Are Imitation Turkey Meals Worse Than Actual One

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Are you a former meat eater and now avoid meat mainly due to health reasons?  Do you still crave for meat? If your answer is yes to both the questions then this article is relevant for you as it discusses the consequences of consuming products which try to provide alternative to meat.

One of the biggest meat-eating holidays in US  is Thanksgiving. This is the time when even the most steadfast vegetarians crave a centerpiece to carve; when steely will and tasty side dishes alone won’t cut it.

Many imitation turkey products, including “Tofurky,” are available this time of year to cater to the 7 percent of Americans that consider themselves vegetarians—especially those who still miss their meat. Dr. Brian Wansink, a food psychologist at Cornell University and author of Slimby Design: Mindless Eating Solutions for Everyday Life, says, “People who are attracted to meat-shaped veggie foods are vegetarian for health reasons, not animal-rights reasons, and they’re the biggest growing part of that market.”

A Mintel report shows that indeed 36 percent of consumers (including non-vegetarians) are buying meat alternatives to be healthier. But are these products really any better for us? Sure, cutting back on meat (especially red meat) can help prevent heart disease and cancer in some cases, but replacing it with processed meat substitutes comes with a price of its own.

Most meat substitutes are highly processed and full of artificial fillers—not unlike the hot dogs we might have already sworn off. Many are made from soy protein isolate, wheat gluten and other textured vegetable proteins, but also questionable ingredients that help gel and mold them into meat-like shapes.

Rachel Berman, R.D., author of Boosting Your Metabolism for Dummies and health editor at, says to read the box before buying. “Be wary of a long ingredient list,” she says. “The more it has, the more likely there are additives and preservatives in there to stabilize the food, add flavor, or change its consistency.”

Some of these additives put into processed foods include unhealthy amounts of extra salt, fat and sugar — and those are the ingredients we can pronounce! Other artificial additives have been shown to have side effects that include nausea, dizziness, weight gain, decreased absorption of minerals and vitamins, and even cancer. The Center for Science in the Public Interest has a list of additives to avoid and their potential side effects.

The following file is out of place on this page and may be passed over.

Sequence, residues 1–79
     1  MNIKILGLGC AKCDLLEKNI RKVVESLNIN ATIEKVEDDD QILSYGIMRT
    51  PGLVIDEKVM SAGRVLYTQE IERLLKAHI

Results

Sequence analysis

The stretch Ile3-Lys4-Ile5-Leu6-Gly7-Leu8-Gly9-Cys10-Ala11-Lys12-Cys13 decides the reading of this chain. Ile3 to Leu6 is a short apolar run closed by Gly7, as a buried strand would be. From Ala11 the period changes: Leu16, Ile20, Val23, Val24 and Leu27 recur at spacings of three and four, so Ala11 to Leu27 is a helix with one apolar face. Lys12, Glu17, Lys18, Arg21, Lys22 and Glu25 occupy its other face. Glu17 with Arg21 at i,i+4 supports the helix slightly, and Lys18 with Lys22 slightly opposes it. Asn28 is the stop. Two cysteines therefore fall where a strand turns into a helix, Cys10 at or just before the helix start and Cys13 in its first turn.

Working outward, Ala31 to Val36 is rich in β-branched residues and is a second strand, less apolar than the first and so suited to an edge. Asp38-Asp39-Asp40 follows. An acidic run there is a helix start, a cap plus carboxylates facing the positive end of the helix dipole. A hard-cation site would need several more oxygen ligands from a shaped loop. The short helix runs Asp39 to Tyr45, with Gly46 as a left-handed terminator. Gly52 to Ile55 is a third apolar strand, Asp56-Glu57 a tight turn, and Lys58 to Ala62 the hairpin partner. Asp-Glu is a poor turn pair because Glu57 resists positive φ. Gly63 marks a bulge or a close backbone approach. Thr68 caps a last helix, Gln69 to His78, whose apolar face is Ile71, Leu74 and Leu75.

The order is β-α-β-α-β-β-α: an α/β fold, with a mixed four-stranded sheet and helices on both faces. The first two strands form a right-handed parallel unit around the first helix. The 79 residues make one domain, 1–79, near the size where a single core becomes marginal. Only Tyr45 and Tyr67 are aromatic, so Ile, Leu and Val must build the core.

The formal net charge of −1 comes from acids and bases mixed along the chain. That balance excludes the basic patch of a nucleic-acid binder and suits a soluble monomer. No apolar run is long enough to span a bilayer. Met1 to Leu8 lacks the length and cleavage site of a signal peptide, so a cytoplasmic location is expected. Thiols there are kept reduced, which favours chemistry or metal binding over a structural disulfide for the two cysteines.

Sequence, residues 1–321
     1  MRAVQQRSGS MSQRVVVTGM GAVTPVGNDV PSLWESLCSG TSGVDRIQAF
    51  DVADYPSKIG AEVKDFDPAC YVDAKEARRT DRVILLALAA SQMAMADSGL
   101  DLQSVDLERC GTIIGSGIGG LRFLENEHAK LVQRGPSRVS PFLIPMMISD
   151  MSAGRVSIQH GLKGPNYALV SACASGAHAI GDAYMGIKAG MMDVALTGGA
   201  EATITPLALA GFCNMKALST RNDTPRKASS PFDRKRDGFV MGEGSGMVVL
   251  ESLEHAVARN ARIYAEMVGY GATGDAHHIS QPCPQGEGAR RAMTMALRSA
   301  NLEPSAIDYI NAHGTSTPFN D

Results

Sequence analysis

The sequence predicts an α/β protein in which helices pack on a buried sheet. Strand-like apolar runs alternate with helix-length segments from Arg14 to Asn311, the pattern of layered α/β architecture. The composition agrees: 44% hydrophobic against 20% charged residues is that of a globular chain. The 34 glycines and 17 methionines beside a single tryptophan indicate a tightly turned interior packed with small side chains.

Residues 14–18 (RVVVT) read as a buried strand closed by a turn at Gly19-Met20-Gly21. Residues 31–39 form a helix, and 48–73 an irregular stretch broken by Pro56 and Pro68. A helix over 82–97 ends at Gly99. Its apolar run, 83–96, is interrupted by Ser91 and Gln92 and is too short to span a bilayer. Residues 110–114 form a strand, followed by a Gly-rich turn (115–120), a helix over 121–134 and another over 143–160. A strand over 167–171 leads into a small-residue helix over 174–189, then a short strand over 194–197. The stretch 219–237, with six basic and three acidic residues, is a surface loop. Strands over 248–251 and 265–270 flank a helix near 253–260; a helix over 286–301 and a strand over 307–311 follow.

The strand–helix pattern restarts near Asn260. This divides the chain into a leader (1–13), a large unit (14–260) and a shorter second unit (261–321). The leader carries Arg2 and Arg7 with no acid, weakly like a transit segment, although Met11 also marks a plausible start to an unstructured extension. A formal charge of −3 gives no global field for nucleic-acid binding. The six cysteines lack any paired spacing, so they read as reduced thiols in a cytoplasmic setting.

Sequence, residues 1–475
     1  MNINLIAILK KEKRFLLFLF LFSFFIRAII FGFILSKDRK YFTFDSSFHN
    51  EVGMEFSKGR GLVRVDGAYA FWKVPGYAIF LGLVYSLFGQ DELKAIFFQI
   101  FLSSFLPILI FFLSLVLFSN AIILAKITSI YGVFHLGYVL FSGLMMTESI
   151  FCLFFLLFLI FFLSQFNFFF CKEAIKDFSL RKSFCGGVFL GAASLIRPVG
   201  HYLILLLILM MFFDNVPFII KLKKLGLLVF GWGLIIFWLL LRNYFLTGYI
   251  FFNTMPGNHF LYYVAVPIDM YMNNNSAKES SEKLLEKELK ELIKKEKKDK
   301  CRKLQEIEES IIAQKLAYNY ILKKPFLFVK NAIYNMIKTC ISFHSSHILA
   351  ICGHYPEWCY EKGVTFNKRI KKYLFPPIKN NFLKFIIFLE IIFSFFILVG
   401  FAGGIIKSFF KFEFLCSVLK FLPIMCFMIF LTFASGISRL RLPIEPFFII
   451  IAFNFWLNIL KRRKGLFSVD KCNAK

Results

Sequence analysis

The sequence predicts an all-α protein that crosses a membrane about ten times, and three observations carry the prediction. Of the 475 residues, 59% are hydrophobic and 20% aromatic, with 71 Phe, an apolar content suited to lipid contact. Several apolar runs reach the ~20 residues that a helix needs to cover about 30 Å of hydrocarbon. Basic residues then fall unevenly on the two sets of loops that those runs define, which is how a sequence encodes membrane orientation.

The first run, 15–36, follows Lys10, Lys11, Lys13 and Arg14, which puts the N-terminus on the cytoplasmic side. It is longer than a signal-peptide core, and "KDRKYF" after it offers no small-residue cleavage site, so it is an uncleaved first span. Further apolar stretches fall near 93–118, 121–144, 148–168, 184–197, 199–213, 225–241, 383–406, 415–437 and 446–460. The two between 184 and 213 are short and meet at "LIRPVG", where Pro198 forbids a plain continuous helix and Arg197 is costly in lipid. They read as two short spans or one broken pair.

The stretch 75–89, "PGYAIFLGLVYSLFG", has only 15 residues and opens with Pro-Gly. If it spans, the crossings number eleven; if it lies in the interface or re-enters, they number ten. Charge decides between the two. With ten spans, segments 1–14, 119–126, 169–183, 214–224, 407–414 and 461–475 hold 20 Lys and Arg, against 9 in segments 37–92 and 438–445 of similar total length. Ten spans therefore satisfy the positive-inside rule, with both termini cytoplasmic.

Most ingredients in imitation turkeys still do look better than processed meats, and better than many other meat substitutes in the frozen food section, too. But not all are created equal.

For those vegetarians buying a fake turkey this year, Berman recommends opting for an all-natural choice like Gardein’s Savory Stuffed Turk’y. “They’re making an effort to use all-natural ingredients, nothing genetically engineered and mostly things that you’re able to pronounce,” she says. “Plus, they contain no chemicals or genetically modified soy, which most others use.”

Products like Quorn’s Turk’y Roast, which uses mycoprotein, a processed mold, gets a big thumbs down for Berman. “There have been many reports of this stuff causing gastrointestinal distress and no research saying this is something that is healthy,” she says. “It’s totally artificial and basically a fungus made in a test tube.”

Like many processed foods, fake meat is also high in sodium, but it doesn’t have as much saturated fat as the real stuff. Most of them, however, match real turkey gram for gram when it comes to protein, plus they include fiber, which is a bonus. So, treating yourself to a faux turkey one day out of the year isn’t going to kill you, but it’s not exactly health food, either. “I don’t really like to label any one food good or bad because it’s really about the sum of what you’re eating in a day,” says Berman. “If you’re going to eat an imitation food, just make sure the rest of your meal is coming from the earth.”

So why not just opt for Thanksgiving tofu and green beans instead? Many vegetarians find it’s hard to shake tradition on this holiday. “It’s not just about food, but it’s also rituals and visuals,” says Wansink. “There’s a lot of variation with other holiday dinners, but not with Thanksgiving. There’s the traditional five dishes, and if you stray too far, people will think you’re robbing them of an experience.”

“It’s not the goal of Thanksgiving to be the healthiest meal of the year anyway,” adds Wansink. “Its goal is to be gleeful and thankful.”

Adapted From – (The Daily Beast ) 

To Summarize – If you are craving for meat then go and eat meat – don’t try to eat imitation products.  You are better off taking the actual food.  The thumb rule is to take foods which are take whole foods as much as possible and avoid the processed foods.  It is easier for the body to digest the foods which are whole foods instead of mixture of so many chemicals and other items.  However if you are not eating meat for ethical reasons then go for Tofurky.

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